As of September 11, 2015, members of the Farmer family or entities controlled by the Farmer family (including trusts) comprising a group for purposes of Section 13 of the Securities Exchange Act of 1934, as amended (the “Exchange Act”), beneficially owned approximately 36.5% of our outstanding common stock. As a result, these stockholders, acting together, may be able to influence the outcome of stockholder votes, including votes concerning the election and removal of directors and approval of significant corporate transactions. This level of concentrated ownership may have the effect of delaying or preventing a change in the management or voting control of the Company. In addition, this significant concentration of share ownership may adversely affect the trading price of our common stock if investors perceive disadvantages in owning stock in a company with such concentrated ownership.
FUTURE SALES OF SHARES BY EXISTING STOCKHOLDERS COULD CAUSE OUR STOCK PRICE TO DECLINE.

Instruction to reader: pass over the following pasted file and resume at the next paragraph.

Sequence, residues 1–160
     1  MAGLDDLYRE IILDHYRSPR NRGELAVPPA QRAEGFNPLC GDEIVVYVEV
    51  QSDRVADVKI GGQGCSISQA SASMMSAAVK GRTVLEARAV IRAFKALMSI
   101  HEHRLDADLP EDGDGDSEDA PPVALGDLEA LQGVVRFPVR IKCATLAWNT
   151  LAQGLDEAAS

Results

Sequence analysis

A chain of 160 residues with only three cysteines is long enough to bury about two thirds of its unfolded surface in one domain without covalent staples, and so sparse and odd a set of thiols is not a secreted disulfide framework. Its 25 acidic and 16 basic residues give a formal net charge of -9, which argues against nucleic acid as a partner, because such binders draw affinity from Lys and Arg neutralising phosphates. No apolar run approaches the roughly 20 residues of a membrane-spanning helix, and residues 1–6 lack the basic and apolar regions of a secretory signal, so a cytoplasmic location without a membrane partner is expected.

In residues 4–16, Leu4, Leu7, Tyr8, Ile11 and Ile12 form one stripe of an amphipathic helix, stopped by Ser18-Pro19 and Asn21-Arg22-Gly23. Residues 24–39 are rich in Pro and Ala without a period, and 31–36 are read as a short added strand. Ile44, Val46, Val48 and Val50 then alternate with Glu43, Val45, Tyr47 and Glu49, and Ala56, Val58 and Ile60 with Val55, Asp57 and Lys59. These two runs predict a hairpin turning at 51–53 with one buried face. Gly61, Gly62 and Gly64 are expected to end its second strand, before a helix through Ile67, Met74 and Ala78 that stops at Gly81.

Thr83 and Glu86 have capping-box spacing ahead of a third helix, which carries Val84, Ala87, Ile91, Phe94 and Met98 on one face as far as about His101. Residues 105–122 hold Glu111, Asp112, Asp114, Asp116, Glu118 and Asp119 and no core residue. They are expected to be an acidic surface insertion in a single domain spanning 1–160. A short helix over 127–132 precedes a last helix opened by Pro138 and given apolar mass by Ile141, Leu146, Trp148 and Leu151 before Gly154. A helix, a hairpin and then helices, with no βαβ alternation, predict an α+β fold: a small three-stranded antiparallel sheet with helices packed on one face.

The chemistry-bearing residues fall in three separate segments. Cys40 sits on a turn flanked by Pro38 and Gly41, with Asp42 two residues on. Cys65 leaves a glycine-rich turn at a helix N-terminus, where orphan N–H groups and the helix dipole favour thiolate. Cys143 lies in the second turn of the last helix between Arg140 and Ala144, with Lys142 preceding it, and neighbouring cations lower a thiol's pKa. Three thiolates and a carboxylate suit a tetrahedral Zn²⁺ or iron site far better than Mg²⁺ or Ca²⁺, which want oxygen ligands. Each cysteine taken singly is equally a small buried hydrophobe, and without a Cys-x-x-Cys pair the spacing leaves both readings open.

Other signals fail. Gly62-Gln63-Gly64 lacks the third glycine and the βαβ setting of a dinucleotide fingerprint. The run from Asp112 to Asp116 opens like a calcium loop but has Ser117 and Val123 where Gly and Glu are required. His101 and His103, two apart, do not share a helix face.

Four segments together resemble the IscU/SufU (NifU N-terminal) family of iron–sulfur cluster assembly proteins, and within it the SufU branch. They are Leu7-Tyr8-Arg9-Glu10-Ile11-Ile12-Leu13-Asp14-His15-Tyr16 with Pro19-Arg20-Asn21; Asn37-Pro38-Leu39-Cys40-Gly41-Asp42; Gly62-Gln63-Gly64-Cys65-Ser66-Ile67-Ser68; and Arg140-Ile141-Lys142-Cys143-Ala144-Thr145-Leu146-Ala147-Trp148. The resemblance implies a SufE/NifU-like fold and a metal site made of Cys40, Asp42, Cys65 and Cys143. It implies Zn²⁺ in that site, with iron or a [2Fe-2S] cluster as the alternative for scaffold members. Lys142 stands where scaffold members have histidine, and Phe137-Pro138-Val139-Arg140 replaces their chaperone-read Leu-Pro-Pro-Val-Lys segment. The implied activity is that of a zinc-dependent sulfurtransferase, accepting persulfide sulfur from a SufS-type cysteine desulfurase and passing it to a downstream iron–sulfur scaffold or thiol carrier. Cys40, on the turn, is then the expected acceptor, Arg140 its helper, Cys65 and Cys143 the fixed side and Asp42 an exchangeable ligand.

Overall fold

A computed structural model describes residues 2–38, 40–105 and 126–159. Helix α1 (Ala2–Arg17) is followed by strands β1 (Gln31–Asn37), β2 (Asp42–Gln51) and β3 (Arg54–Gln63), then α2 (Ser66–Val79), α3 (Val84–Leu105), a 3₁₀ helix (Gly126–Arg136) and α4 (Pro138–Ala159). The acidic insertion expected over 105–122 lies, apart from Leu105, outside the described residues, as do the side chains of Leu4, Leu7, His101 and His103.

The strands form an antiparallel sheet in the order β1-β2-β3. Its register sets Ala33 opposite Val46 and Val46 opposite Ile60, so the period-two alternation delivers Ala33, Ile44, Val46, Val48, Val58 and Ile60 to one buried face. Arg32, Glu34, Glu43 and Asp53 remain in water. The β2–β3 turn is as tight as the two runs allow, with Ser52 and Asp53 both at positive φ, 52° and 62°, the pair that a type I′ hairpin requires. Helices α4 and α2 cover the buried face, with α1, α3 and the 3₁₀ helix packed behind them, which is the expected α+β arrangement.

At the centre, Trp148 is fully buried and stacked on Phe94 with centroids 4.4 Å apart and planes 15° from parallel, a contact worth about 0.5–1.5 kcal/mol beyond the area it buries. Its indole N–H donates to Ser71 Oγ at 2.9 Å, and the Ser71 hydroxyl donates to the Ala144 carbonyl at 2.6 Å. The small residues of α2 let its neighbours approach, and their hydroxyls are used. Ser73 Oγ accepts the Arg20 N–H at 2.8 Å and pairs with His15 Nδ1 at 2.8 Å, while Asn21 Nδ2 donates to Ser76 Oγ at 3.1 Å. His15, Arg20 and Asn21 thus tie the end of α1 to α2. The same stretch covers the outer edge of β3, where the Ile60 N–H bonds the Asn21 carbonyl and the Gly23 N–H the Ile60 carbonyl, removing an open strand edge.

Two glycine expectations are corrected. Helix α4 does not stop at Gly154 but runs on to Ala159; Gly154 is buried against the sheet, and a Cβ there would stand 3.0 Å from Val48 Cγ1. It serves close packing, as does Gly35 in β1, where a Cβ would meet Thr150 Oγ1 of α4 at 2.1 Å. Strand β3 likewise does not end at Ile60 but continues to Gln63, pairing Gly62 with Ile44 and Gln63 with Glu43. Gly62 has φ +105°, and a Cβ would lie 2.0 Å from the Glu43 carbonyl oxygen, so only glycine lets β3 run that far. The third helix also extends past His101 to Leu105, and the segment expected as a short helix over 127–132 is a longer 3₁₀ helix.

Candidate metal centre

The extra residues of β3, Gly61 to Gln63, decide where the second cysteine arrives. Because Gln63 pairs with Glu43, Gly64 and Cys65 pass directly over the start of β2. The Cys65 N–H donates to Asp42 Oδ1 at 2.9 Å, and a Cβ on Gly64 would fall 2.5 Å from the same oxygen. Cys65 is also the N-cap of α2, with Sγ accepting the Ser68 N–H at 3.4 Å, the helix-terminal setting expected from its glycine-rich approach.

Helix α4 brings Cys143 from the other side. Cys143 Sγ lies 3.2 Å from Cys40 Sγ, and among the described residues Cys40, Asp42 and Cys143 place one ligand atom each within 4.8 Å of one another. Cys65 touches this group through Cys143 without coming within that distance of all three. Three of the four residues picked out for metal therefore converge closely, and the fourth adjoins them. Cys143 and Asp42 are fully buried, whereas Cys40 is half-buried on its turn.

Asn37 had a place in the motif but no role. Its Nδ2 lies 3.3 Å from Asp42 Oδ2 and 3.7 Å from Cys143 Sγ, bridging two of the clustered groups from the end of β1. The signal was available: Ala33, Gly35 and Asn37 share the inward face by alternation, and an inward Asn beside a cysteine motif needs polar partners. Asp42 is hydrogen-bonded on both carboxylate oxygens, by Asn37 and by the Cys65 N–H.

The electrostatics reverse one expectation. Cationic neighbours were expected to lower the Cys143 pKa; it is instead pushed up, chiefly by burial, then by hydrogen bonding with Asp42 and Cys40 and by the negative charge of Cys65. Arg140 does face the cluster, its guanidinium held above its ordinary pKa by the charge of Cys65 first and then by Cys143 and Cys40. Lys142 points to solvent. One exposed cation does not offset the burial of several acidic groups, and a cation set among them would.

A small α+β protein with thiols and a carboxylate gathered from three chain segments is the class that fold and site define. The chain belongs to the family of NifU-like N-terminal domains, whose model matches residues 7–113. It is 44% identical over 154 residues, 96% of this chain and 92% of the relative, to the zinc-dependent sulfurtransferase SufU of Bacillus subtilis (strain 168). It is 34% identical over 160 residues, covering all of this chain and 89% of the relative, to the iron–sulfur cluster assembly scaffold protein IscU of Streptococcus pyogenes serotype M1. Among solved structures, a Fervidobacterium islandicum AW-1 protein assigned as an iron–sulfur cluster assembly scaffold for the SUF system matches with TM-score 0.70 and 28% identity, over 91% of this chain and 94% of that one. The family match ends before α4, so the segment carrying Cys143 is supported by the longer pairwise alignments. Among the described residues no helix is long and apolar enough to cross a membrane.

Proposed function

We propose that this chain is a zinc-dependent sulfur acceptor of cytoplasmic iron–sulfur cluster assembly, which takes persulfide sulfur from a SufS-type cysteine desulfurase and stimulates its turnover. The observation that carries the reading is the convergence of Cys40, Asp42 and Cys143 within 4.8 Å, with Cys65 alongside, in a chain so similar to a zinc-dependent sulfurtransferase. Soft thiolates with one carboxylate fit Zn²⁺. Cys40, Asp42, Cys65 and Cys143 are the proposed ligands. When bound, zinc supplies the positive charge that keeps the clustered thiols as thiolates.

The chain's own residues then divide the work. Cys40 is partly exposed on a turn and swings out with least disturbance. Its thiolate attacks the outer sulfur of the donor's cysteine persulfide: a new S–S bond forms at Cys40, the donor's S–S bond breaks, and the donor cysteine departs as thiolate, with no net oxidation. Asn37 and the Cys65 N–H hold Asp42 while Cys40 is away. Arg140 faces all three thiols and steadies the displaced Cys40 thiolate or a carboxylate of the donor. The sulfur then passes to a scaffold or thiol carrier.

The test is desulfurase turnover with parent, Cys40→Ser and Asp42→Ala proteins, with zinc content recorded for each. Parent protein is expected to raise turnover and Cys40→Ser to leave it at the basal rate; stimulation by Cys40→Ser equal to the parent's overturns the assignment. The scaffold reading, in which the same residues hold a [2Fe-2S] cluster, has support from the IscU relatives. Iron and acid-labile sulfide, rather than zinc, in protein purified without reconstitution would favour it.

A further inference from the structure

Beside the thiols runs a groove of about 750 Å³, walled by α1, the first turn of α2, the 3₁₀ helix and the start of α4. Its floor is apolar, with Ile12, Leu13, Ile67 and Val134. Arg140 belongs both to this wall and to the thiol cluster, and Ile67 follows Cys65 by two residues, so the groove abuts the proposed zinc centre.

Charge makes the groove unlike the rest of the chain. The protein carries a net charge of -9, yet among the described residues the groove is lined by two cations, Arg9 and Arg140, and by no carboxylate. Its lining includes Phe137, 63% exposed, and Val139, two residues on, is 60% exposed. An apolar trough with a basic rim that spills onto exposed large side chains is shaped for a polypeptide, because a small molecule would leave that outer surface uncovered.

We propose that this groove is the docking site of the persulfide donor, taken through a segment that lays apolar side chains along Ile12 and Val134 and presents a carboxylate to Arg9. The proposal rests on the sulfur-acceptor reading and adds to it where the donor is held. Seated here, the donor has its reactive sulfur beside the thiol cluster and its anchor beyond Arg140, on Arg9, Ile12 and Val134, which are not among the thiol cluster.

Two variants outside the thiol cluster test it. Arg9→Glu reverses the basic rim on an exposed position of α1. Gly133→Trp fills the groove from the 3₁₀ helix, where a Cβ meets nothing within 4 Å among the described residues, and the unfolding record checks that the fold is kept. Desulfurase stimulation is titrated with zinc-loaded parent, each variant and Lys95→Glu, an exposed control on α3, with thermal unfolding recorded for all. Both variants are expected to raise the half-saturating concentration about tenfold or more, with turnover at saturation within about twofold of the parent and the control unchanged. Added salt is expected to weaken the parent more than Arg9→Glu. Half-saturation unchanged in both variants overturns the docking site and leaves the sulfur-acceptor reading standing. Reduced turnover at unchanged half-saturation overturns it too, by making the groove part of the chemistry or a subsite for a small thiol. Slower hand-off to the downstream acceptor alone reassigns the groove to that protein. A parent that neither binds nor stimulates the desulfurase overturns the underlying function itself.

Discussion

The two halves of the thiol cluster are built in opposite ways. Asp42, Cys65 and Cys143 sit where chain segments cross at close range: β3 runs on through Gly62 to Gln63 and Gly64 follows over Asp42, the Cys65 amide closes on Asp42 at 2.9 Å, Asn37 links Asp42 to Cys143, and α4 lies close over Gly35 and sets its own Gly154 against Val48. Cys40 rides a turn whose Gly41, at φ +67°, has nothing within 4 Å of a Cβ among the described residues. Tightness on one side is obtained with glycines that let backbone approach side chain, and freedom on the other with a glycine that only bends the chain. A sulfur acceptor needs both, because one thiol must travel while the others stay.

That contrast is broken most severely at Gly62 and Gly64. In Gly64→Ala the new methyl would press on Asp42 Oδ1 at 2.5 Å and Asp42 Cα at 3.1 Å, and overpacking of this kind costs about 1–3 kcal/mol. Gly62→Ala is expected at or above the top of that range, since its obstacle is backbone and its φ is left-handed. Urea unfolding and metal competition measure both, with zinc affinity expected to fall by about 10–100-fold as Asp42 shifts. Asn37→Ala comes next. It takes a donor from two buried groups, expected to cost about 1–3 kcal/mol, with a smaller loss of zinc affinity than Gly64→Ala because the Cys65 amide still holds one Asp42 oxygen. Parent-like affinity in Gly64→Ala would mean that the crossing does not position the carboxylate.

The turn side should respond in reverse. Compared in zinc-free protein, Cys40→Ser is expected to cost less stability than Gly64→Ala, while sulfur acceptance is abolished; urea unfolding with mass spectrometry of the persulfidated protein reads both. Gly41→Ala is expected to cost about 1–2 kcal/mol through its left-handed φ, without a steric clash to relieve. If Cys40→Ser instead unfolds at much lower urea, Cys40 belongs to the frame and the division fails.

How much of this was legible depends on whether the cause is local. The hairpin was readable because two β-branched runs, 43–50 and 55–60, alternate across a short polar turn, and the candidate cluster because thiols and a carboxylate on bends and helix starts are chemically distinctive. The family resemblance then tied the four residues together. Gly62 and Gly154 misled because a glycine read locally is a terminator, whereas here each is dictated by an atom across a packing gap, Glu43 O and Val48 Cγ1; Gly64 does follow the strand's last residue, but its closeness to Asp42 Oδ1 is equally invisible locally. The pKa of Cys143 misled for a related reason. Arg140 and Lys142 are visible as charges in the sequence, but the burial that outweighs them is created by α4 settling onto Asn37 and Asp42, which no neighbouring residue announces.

All of our outstanding shares are eligible for sale in the public market, subject in certain cases to limitations under Rule 144 of the Securities Act of 1933, as amended (the “Securities Act”). Also, shares subject to outstanding options and restricted stock under the Farmer Bros. Co. Amended and Restated 2007 Long-Term Incentive Plan and its predecessor plan, the Farmer Bros. Co. 2007 Omnibus Plan, are eligible for sale in the public market to the extent permitted by the provisions

14



of various vesting agreements, our stock ownership guidelines, and Rule 144 under the Securities Act. If these shares are sold, or if it is perceived that they will be sold in the public market, the trading price of our common stock could decline.
ANTI-TAKEOVER PROVISIONS COULD MAKE IT MORE DIFFICULT FOR A THIRD PARTY TO ACQUIRE US.
Our Board of Directors has the authority to issue up to 500,000 shares of preferred stock and to determine the price, rights, preferences, privileges and restrictions, including voting rights, of those shares without any further vote or action by stockholders. The rights of the holders of our common stock may be subject to, and may be adversely affected by, the rights of the holders of any preferred stock that may be issued in the future. The issuance of preferred stock may have the effect of delaying, deterring or preventing a change in control of the Company without further action by stockholders and may adversely affect the voting and other rights of the holders of our common stock.